Safety Tip: July
Skin Cancer Fast Facts
Skin cancer and melanoma account for about 50% of all types of cancers diagnosed combined. 90% of skin cancer is a direct result of excessive exposure to the sun. Although it is one of the more preventable types of cancer, each hour one person dies from it.
Symptoms of skin cancer:
A small lump (spot or mole) that is shiny, waxy, pale in color, and smooth in texture.
A red lump (spot or mole) that is firm.
A sore or spot that bleeds or becomes crusty. Also look for sores that don’t heal.
Rough and scaly patches on the skin.
Flat scaly areas of the skin that are red or brown.
Any new growth that is suspicious.
If you suspect a lump, spot, or mole may be suspicious of skin cancer, see your doctor. When detected early it is highly treatable.
The ABCDE method is used to evaluate moles. This is a general guideline, and any mole or growth that concerns you should be evaluated by your healthcare provider.
A – Asymmetry: Normal moles or freckles are completely symmetrical. If you were to draw a line through a normal spot, you would have two symmetrical halves. In cases of skin cancer, spots will not look the same on both sides.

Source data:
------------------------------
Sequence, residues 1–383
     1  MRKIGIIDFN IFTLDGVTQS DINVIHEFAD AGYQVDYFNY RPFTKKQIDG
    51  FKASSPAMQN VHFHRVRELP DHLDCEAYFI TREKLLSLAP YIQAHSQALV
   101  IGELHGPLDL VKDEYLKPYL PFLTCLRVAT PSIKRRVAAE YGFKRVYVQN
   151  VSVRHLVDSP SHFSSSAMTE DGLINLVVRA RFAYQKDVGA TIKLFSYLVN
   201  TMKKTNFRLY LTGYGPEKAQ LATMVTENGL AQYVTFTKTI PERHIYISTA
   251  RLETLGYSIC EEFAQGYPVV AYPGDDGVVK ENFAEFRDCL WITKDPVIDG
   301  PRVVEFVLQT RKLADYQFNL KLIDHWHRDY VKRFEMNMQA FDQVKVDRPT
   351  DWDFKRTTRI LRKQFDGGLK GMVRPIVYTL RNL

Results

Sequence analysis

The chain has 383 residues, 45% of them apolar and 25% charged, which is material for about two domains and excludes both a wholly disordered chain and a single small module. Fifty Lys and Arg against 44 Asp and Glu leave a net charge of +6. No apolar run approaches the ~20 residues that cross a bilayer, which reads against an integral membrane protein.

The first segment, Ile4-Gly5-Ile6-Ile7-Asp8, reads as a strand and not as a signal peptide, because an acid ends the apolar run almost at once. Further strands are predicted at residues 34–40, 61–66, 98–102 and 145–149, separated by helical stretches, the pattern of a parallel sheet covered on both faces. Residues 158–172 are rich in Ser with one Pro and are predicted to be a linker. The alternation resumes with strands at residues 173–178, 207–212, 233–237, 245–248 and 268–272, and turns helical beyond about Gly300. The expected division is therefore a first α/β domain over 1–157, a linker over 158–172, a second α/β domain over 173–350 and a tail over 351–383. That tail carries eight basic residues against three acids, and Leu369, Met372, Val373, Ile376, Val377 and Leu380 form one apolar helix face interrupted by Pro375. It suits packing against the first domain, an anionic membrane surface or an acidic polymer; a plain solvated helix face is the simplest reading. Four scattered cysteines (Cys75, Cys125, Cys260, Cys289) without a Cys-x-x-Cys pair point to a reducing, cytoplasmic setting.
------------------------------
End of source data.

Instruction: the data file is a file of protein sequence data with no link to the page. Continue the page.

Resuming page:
B – Border: A mole or spot with blurry and/or jagged edges.
C – Color: A mole that is more than one hue is suspicious and needs to be evaluated by a doctor. Normal spots are usually one color. This can include lightening or darkening of the mole.
D – Diameter: If it is larger than a pencil eraser (about 1⁄4 inch or 6mm), it needs to be examined by a doctor. This includes areas that do not have any other abnormalities (color, border, asymmetry).
E – Elevation: Elevation means the mole is raised above the surface and has an uneven surface.
Take five to ten minutes once a week to check for changes on your skin.
Early detection is key to continued good health.